FIG. 4 shows an expanded flow process of the netlist processor step shown in FIG. 3. Upon generation of the transistor circuit netlist (44), cell wrapper files for the transistor circuit netlist are generated (step 58). Using the transistors listed in the transistor circuit netlist (44), the cell wrappers generation stage (step 58) encloses each transistor's lower level components in a cell wrapper, or “package.”
Thereafter, the transistor circuit netlist and parasitics netlist go through a voltage source connection stage (step 60) and a library attachments stage (step 62). In the voltage source connection stage (step 60), the wrapped cells are connected to voltage sources specified in the original circuit. The parasitic netlist (48) is also used in the voltage source connection stage (step 60) when connecting the cells to voltage sources to account for the parasitics in the circuit components and connections. In the library attachments stage (step 62), property libraries of the various components within the circuit netlist are attached for use by the timing simulation tool. The wrapper generation stage (step 58), the voltage source connection stage (step 60), and the library attachments stage (step 62) are used to build the overall circuit netlist for more efficient timing simulation. However, as discussed above, with the increasing speeds, complexity, and size of modern integrated circuits, timing simulations as discussed with references to FIGS. 3 and 4 are proving to prone to inaccuracy and are highly time intensive.
One way to reduce the amount of time needed to produce timing evaluations is to use a software tool designed to use less simulation time. However, the accuracy of the timing results that can be produced by such a software tool is usually not great enough to meet timing requirements imposed by clock signal propagation time and skew verification.
SUMMARY OF INVENTION
According to one aspect of the present invention, a method for performing clock analysis on an original circuit using a transistor circuit netlist and a parasitics netlist comprises generating a reduced circuit netlist partly based on the transistor circuit netlist, connecting a cell within the reduced circuit netlist and parasitics netlist to at least one voltage source specified in an original circuit, and attaching information to the cell in order to create a netlist for simulation, where the netlist for simulation is used for the clock analysis on the original circuit.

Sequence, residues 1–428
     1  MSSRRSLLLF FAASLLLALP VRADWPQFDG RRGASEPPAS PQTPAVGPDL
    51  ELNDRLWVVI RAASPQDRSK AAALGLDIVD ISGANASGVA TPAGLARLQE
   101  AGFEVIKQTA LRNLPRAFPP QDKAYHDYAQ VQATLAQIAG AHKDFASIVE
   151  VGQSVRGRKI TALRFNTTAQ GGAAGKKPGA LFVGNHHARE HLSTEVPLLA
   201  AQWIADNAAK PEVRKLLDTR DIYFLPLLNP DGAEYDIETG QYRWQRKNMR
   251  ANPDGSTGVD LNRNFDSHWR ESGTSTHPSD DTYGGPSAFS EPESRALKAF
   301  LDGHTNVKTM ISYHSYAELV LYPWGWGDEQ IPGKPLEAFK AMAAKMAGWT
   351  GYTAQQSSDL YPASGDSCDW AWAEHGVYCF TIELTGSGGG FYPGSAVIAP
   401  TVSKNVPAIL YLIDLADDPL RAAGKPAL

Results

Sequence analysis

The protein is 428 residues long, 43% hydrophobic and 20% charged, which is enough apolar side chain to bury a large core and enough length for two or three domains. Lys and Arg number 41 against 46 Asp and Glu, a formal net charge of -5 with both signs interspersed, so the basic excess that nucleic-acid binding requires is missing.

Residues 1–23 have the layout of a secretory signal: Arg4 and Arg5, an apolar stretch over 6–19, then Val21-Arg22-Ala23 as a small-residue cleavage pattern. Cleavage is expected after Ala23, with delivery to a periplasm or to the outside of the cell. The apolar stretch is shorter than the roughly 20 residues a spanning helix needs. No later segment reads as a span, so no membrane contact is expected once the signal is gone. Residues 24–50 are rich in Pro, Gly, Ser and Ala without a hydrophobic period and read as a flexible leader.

According to another aspect, a computer system having a timing simulation tool comprises a memory and an integrated circuit, wherein the timing simulation tool resides in the memory and executes instructions on the integrated circuit in order to generate a reduced transistor circuit netlist, where generating the reduced transistor circuit netlist uses data comprising at least one selected from the group consisting of a clock cell, a clock pin, and a rule.
According to another aspect, a software tool comprises a first portion that reduces a transistor circuit netlist to a reduced transistor circuit netlist, a second portion that connects a cell within the reduced circuit netlist and a parasitics netlist to at least one voltage source specified in an original circuit, and a third portion that attaches information to the cell in order to create a netlist for simulation, where the netlist for simulation is used for clock analysis on the original circuit.
Other aspects and advantages of the invention will be apparent from the following description and the appended claims.